The pandemic has introduced demise into our day by day lives — a lot so, based on creator and former hospice chaplain Kerry Egan that we live in “hospice world,” which she defines as “a neighborhood…through which we are all acutely aware of our own and each others’ mortality.” Egan wrote that this “upending of life as we once knew it demands that we find a way through all the changes and losses” — that all of us discover a strategy to make which means and inform the story of this pandemic, and hearken to others as they inform theirs.
This can take many kinds. Some of the households from throughout the United States who’re confronting a vacation season and not using a cherished one shared their tales with the CNN Digital Video Team. You can listen to them here.
Listening may take the type of a query, as Meghan, the Duchess of Sussex wrote wrenchingly for the New York Times: Are you OK? When a journalist requested her that final yr, it triggered an sincere response about the challenges of latest motherhood in the public eye. After she suffered a miscarriage in July — throughout the pandemic — and as she grappled with the ravages of that loss, the query returned to her. How can we heal? What can we do now? Meghan suggests: “Let us commit to asking others, ‘Are you OK?’ As much as we may disagree, as physically distanced as we may be, the truth is that we are more connected than ever because of all we have individually and collectively endured this year.”

Coping mechanisms are greater than that

One window into how Americans are struggling to deal with the weight of uncertainty and stress — excessive charges of canine adoptions and pet buy throughout the pandemic — have discovered a parallel in the pleasure over the two furriest members of the transition crew: the Bidens’ canines, Major and Champ. The return of canines to the White House feels magnificently American, noticed Alexandra Horowitz, who described the canines as “a stand-in for our national sentiment…For the last four years the White House has not had the slobbery, shedding, panting presence of a dog that it so often has. Until the Trump administration, the last time the White House didn’t have a resident dog was during William McKinley’s presidency from 1897 to 1901.”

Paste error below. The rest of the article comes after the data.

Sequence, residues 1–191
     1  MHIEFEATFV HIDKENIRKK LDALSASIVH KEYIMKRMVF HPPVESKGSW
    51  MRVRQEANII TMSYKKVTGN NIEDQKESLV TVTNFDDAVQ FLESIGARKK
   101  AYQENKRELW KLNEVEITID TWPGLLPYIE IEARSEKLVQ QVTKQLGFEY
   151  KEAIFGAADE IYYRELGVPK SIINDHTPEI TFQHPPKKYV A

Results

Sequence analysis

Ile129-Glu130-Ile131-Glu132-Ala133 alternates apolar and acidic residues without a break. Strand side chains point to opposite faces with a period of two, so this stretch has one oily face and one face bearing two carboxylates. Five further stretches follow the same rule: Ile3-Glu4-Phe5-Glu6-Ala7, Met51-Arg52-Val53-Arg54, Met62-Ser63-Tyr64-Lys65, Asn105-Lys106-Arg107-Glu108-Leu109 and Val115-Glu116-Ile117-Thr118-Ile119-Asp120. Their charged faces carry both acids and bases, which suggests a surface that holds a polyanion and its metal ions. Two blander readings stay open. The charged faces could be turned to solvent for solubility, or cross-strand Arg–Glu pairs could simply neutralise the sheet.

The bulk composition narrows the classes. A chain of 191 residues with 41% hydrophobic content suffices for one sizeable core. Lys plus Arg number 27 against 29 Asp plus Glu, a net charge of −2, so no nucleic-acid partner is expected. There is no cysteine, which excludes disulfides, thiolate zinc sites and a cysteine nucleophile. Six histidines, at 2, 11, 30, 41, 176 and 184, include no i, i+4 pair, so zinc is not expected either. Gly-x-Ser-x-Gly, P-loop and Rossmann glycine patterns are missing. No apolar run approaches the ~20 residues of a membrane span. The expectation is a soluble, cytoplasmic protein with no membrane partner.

While real-life animals are giving us nationwide optimism (and vital cuddles), some non-humanoid creatures — the type we binge-watch to get by — deserve a bit extra compassion, famous Sara Stewart. A confirmed lover of all issues “Star Wars,” Stewart contended of “The Mandalorian”: “We could all use a little Baby Yoda in our lives again….But you know what would make it better? If protagonist Din Djarin (Pedro Pascal) could maybe stop traveling to different planets, meeting large exotic animals and slaughtering them.” She added: “I get that the Mandalorian is a bounty hunter, not David Attenborough…But it is nonetheless a bummer to see a sequence so devoted to portraying alien civilizations with scrappy nuance,” even be so sadistic towards animals, even the imaginary type.

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Just let Dolly Parton rule the world already

Thinking again to the hope Apollo eight astronauts delivered for Christmas at the finish of a turbulent 1968, Gene Seymour requested: Who will give us hope in 2020? His reply: “How about Dolly Parton…The flamboyant polymath who wrote two deathless American classics — ‘Jolene’ and ‘I Will Always Love You’ — in less time than it takes to boil steel cut oats?”

Seymour wove collectively Parton’s peerless oeuvre and her million-dollar philanthropy for a Covid-19 vaccine (which itself prompted a fan tribute parody of “Jolene” – “Vaccine, vaccine, vaccine, vaciiiinnne”) together with her latest Christmas album and vacation Netflix particular, “Dolly Parton’s Christmas on the Square,” to watch of Parton that “she has only been interested in shining and sharing light wherever there’s darkness — and that includes the shadows that have stalked our lives since Covid-19 began making its perfidious way into our lives. I mean … it’d be nice if Dolly Parton or someone like her did rule the world. For now, let’s just say she owns this year’s holidays. Or at the very least, saved them and, quite possibly, us.”